March 26, 2020
Lessons in resilience during National Ag Week
By Laura Bardot
This week, March 22-28, we celebrate National Ag Week, a time of recognition and appreciation for the people who produce our food. From ranchers tending calves in the pasture and farmers getting planters ready for the fields, this time of year represents endless possibility in the agriculture world. As we all know, National Ag Week in 2020 looks quite different with the reality of COVID-19 bringing new challenges for people in the U.S. and across the world, farmers included.
The agriculture industry is no stranger to struggle. Historic floods wipe out crops, markets surge and crash, combines break down during the middle of harvest, and droughts leave crops and livestock desperate. It seems many would call it quits after the first hardship, but season after season farmers and ranchers continue to move forward.
1. Focus on what you can control
A rancher facing a down cattle market doesn’t stay home and wallow – he continues to feed his cattle, care for the sick and prepare for better days ahead. Spending too much time agonizing over uncertainty is enough to break anyone’s spirit. We’ve learned from farmers that focusing on what we do have control over – our attitudes, our support for our families and network, and taking care of our work and responsibilities to the best of our abilities – can make all the difference.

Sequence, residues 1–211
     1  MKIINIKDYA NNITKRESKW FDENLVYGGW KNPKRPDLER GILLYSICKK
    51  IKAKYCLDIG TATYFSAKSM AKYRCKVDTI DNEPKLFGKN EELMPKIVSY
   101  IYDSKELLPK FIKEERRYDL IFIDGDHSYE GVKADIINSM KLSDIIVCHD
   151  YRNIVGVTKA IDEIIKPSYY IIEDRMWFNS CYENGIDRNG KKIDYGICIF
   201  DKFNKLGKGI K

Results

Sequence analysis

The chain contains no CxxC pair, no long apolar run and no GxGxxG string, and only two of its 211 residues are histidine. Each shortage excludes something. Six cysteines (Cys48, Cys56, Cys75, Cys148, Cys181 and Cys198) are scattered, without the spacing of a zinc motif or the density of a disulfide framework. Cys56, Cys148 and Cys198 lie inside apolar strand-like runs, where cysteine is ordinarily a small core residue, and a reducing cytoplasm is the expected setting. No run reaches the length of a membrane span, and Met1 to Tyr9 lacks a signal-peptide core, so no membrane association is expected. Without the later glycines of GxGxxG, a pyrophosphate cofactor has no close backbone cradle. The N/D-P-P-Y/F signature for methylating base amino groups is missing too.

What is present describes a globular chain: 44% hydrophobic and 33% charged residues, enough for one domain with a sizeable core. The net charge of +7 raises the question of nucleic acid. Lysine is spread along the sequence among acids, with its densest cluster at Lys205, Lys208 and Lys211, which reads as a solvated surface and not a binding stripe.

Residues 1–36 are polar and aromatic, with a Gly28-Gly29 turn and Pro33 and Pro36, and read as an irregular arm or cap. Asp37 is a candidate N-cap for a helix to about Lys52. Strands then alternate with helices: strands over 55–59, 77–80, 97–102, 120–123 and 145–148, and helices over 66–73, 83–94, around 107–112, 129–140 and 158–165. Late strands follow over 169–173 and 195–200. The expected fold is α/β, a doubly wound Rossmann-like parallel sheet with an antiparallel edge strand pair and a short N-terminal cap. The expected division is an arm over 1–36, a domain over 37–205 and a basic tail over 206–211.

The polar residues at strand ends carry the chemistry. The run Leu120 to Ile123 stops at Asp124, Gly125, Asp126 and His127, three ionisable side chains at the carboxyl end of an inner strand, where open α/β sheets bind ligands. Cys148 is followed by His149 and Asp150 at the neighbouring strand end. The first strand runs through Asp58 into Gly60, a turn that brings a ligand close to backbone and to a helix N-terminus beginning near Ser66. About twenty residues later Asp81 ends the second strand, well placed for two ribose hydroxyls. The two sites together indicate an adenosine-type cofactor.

2. Practice gratitude
Many producers will tell you that their operations are a labor of love. They have a strong connection and appreciation of their purpose – being trusted stewards of the land and livestock – and they are able to cultivate that passion as motivation to carry on past hardships. Gratitude for the responsibility placed on their shoulders is a lesson many of us can use.
3. When times are tough, saddle up
As we sit in home offices and take video conference calls from our kitchen tables, we can think of the farmers, ranchers and agriculture professionals that work to produce our food. They continue to start the tractors and saddle the horses even after troubling times, and we should do the same, figuratively. Now is the time to seek out ways to help and contribute, even virtually, rather than retreat.
4. Sacrifice for the greater good
Many people are currently wondering when they can leave their homes or visit loved ones again. Farmers and ranchers are facing the same, though with lifestyles more suited to social distancing than the rest of us. Producers know a few things about making short-term sacrifices for the betterment of the families, their crops and their animals – from pulling all-nighters in the combine to get a crop off before a rain, taking extreme precautions for biosecurity, to missing holidays and family gatherings to care for livestock,
Despite any adversity or chaos, the need for farmers and ranchers remains constant. As National Ag Week comes to a close, let us recognize the men and women and families producing the world’s food, fuel and fiber, and thank them for the lessons they continue to teach us.
Laura Bardot is a PR and Content Specialist for AdFarm. She is a fifth-generation farm kid with a profound enthusiasm for the Midwest, cattle and Texas Red Dirt music.